Member, American Marketing Association (AMA) Certified Project Management Professional (PMP Certification)
    Be sure to use both the acronym and the phrase in your resume, even if you don't have room to put them side-by-side. Having both present will increase the probability that your resume will appear in the search results whether the recruiter searches on the acronym or the phrase that it represents.
  • Be inconsistent.

    If you were being judged on your writing skills, this wouldn't be an advantage. In the resume search-ability/SEO game, however, it is an advantage. So, without destroying the meaning of the words on your resume, be as creatively inconsistent as possible.

    For example, if you are looking for a job using social media, include all versions of the terms: "social media" and "social networks" and "social networking" plus the names of the most popular social networks.
  • Be complete.

    Don't assume that people will only be searching on the umbrella term. Continuing with the social media example, name the specific social networks you can use: "Facebook" and "LinkedIn" and "Twitter" in addition to the terms "social media," "social networks," and "social networking" (as above), so your resume will pop up in the results regardless of the exact term used by the recruiters in their search.
  • "Have managed both LinkedIn Groups and Facebook Pages to...  Established Twitter and Pinterest accounts for..."
  • Add a section near the top of your resume named "Skills" or, even, "Summary."

    Concentrate as many of your key words as possible in this section. For an example, check out our sample ASCII text resume. It has a "Skills Summary" section which is really a collection of keywords - the nouns, noun phrases, and action verbs, that best summarize the experience and skills as well as education and relevant association memberships.
  • Include the word "resume" in your resume.

    Yes, they do know it's a resume, but often, in haste or out of habit, they search on the term "resume" anyway. If the word "resume" is not on your resume, your resume might not be found. So cover this base, just in case...

    Put it in the top line (e.g. "M. J. Smith's Resume").

    I recommend using the simple version of the word, "resume," rather than the more formal version "résumé," simply because the vast majority of people will search on the simple version of the term because it is the easiest to type with a standard American keyboard.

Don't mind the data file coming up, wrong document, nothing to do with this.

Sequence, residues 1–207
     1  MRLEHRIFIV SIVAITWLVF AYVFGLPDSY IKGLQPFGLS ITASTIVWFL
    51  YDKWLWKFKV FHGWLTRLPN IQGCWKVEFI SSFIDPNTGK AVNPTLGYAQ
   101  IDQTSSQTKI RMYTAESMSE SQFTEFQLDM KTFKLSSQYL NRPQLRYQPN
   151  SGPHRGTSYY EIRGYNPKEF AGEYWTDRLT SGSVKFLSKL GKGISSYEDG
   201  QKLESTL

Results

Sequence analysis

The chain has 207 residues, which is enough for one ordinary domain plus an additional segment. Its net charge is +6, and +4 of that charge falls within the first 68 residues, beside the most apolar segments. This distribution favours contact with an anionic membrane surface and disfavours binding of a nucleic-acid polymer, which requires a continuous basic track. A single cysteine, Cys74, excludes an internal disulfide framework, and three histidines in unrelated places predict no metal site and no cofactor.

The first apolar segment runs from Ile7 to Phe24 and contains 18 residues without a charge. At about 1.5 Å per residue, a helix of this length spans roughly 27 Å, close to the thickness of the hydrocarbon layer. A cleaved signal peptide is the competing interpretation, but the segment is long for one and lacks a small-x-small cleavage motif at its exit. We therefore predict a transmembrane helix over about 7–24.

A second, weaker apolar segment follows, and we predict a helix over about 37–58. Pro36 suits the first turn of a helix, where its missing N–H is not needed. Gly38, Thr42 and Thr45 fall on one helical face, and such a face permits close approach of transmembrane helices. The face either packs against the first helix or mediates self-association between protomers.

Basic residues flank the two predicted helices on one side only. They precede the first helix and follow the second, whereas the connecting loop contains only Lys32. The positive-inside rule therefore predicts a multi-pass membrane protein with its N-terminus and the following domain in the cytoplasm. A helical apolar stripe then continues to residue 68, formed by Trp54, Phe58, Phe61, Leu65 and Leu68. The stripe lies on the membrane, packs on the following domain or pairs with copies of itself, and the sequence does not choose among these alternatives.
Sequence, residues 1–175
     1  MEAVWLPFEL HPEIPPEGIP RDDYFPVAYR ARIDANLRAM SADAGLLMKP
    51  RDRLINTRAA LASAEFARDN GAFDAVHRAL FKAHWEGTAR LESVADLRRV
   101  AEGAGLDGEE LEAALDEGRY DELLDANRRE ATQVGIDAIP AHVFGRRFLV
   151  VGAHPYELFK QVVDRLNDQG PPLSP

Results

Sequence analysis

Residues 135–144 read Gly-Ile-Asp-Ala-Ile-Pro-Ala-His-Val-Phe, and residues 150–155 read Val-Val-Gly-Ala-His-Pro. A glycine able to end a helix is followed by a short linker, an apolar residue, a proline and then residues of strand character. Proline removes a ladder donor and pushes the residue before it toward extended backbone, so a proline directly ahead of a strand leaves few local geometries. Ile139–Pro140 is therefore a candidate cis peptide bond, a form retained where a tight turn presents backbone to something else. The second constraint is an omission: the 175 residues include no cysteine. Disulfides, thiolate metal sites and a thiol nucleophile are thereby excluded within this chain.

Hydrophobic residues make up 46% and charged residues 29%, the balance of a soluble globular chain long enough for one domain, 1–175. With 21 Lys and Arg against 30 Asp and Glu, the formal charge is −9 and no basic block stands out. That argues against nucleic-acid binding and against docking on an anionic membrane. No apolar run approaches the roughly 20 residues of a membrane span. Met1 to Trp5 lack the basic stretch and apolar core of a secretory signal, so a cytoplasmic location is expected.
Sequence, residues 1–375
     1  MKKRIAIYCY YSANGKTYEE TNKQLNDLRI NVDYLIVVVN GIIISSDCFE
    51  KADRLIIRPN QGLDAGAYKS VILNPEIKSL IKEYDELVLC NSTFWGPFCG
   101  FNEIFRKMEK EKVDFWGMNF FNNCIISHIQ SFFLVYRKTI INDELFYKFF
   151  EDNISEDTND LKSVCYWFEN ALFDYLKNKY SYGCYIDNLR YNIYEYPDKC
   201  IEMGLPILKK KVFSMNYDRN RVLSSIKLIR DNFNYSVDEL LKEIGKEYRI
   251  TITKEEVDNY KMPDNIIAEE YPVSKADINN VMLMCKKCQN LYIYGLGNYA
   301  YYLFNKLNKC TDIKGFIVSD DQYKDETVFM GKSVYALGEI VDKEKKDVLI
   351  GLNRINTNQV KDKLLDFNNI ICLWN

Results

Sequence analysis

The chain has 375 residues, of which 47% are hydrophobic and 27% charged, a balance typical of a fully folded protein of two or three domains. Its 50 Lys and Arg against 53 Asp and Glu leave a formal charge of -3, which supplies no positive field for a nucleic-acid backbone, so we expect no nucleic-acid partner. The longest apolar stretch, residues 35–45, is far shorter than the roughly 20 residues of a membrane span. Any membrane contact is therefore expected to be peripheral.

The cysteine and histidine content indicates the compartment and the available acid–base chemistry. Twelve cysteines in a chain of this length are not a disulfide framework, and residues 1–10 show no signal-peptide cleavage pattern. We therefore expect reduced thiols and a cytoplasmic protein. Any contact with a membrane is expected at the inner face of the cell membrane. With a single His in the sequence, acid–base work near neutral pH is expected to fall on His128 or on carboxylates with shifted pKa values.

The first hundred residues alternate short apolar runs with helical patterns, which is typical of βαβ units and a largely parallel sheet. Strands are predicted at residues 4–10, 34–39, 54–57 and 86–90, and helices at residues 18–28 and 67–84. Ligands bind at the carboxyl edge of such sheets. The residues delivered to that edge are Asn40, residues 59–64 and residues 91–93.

Name Your Resume File Effectively

Be sure to save your resume with a file name that is useful and meaningful to employers.

You want employers to be able to find your resume quickly and easily on their computers, and you want to make it clear what your field is.

Employers may receive hundreds of resumes, most of them simply named "resume.docx." When they are trying to figure out which resume belongs to what person or job, this is very annoying.

Be smart, and be easy to find. Include your name (last name first) plus the word “resume” and important keywords in the file name. For example,the file name for Mary Jane Smith’s resume could be Smith-MJ-CPA-resume.doc or Smith-MJ-administrator-resume.doc.

More about Keywords:

More about Internet Resumes:

More about Social Media:

More about Resumes:


About the author...

Online job search expert Susan P. Joyce has been observing the online job search world and teaching online job search skills since 1995. A veteran of the United States Marine Corps and a recent Visiting Scholar at the MIT Sloan School of Management, Susan is a two-time layoff “graduate” who has worked in human resources at Harvard University and in a compensation consulting firm. Since 1998, Susan has been editor and publisher of Job-Hunt.org. Follow Susan on Twitter at @jobhuntorg and on Facebook, LinkedIn, and Google+.